Justin Miller isn’t a stranger to Japanese TV. He has been a guest on various morning shows to promote Showa Kayo Night, a party he co-founded in 2011. But the reaction he got after appearing on TV Tokyo’s evening program “You wa Nani Shi ni Nippon E?” (“Why Did You Come To Japan?”) really surprised him.

“It aired in May and I saw the impact at the next event,” he says from a fittingly retro bowling alley cafe in Tokyo’s Sasazuka neighborhood, near his day job. “I was coming from my school’s sports day, after running around in the sun all day. It was the first time I was late to it. I walked in, and everybody just started clapping.”

The attention gave the party, which focuses on Showa pop songs, quite a boost. So much so that, for the first time, the gathering is being moved from its usual Rhythm Cafe space in Shibuya to Ebisu’s Act Square for a special “Ooomori” (big) edition. It’s a spacious venue with wooden dancefloors and a high-tech video board that wraps around the interior.

Don’t let the 21st-century flourishes fool you. Miller says the night will still be all about music from Japan’s Showa Era (1926-89), a draw that has brought together nostalgic Japanese punters and curious non-Japanese attendees alike.

“We are just doing it on a bigger scale and bringing all these people from different scenes together so we can all just do a massive rave up at this place,” he says.

Miller is originally from New York and ended up in Japan in the mid-2000s, after a short stint in South Korea — a flight that was motivated by George W. Bush’s re-election in 2004. He first lived in Nagoya, and it was there that his interest in Showa pop took off following a chance discovery of singer Jun Mayuzumi’s shambling 1968 single “Black Room” at a Hard Off second-hand store.

He started building up a library of Showa Era sounds that were culled from bargain bins. He continued digging upon arriving in Tokyo in 2011. That was also when he began to spin records under the name DJ Dandy, and soon he launched Showa Kayo Night with co-founder Ayano Cafebleu.

“We just started it casually,” Miller recalls as pins clatter on a nearby lane. “It’s like soul music, it’s so danceable. You can’t help but move around to it.”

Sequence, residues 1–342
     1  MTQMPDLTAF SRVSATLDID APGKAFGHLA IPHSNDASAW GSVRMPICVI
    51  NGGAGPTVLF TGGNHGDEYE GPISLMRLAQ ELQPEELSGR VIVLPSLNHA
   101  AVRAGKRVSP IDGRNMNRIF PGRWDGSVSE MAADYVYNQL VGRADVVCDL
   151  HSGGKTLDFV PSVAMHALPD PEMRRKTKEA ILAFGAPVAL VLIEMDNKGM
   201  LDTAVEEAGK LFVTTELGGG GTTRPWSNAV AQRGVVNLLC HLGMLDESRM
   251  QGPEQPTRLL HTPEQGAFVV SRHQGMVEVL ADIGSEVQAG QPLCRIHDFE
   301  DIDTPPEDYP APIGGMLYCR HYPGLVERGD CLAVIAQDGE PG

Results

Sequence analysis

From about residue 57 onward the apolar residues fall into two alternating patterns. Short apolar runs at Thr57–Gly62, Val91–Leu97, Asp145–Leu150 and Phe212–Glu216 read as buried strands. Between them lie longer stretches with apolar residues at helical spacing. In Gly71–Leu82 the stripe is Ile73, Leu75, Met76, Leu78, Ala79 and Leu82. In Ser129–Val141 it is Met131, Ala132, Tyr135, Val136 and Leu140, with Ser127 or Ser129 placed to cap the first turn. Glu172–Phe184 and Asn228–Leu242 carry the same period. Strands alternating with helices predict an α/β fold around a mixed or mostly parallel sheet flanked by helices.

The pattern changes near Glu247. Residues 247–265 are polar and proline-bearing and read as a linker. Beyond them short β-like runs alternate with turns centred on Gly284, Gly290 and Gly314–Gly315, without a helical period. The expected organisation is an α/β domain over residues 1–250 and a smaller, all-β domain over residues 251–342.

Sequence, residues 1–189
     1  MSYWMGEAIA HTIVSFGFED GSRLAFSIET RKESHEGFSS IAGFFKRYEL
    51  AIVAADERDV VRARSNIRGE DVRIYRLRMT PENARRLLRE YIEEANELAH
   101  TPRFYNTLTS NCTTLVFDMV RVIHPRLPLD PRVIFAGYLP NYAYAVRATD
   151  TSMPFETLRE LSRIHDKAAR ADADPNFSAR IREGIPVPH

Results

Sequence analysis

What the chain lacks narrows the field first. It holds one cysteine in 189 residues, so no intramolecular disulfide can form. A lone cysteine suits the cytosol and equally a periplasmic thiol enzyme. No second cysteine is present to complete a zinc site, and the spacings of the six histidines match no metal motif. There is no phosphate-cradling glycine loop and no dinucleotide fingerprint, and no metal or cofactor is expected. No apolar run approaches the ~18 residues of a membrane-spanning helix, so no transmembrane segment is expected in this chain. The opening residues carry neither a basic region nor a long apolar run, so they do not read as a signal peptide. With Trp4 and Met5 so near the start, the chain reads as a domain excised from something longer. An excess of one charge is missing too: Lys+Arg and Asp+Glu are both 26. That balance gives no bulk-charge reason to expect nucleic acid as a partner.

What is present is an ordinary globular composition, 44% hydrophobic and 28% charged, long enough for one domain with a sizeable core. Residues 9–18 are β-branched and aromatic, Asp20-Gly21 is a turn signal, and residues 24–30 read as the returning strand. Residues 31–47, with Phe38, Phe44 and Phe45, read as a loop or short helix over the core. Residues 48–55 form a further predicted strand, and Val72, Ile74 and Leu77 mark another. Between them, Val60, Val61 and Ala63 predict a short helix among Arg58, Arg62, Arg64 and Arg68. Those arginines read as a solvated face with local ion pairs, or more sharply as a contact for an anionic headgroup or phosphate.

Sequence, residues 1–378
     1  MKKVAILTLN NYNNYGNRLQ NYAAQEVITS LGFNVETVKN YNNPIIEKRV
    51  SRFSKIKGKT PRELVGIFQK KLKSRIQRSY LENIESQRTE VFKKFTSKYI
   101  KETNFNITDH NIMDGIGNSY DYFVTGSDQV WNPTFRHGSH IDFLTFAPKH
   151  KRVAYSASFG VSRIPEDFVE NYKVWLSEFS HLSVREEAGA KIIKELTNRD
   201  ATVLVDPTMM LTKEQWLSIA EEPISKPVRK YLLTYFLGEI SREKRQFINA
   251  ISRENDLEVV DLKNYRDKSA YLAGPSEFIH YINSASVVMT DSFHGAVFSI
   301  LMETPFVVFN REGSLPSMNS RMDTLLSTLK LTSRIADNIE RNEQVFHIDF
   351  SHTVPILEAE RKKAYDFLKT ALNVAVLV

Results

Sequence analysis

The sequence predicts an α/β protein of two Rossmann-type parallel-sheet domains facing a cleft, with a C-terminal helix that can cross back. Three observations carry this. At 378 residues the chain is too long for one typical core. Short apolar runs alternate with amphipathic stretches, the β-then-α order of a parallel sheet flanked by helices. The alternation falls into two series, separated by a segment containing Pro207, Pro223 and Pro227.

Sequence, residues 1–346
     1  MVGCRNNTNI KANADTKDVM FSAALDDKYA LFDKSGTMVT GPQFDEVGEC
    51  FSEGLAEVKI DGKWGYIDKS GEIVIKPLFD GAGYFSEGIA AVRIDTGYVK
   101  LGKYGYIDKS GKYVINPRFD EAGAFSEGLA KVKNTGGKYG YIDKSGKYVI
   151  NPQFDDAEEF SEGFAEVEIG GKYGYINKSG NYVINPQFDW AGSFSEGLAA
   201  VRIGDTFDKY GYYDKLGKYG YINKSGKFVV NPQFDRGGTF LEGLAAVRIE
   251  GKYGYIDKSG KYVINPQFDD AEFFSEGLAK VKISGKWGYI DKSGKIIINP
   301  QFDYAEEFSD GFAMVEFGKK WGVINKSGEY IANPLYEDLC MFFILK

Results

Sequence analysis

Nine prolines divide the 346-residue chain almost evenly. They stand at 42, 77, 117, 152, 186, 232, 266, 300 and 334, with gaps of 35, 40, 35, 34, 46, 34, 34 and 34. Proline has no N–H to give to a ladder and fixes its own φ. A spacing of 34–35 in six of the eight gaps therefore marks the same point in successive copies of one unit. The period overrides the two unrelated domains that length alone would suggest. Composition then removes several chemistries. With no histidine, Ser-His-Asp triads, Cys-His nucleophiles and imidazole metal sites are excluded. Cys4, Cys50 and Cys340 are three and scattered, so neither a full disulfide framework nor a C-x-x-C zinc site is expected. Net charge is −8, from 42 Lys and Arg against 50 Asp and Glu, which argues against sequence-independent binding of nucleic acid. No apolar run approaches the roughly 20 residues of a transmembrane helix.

Throughout our chat, Miller stresses that Showa Kayo Night isn’t a one-of-a-kind idea. DJ nights devoted to Showa cuts happen frequently across the country. He talks about one recent event in Meguro Ward that featured Yasuharu Konishi of Pizzicato Five fame behind the decks.

“Watching the masters in action … I felt so not worthy,” he says with a laugh.

Miller adds that he only knew about this event through a friend, hinting at one of the ways Showa Kayo Night has managed to attract so much attention. The Showa-worshipping scene is hard to break into, related gigs and events are mostly promoted through word of mouth. Miller says his event’s organizers are making the effort to reach out on social media — in both Japanese and English.

That knack for self-promotion is what helped him land on “You,” a TV show that hunts down new arrivals at the country’s airports and follows them on their Japan adventures.

“They contacted us. They did a different style, it was like ‘Event You’ or something like that,” Miller says. It proved a popular segment — he was invited back for the show’s 2016 year-end special — and, besides boosting attendance, it lead to Act Square reaching out to Showa Kayo Night last summer.

“I couldn’t be happier … and I couldn’t be more stressed out,” he says with a smile. Besides DJs, he says the event will feature a go-go dancer, and VJs have been brought in to take advantage of the wrap-around video screen. Owing to the bigger spotlight, Torys whisky is supporting the event and pop star Linda Yamamoto will perform.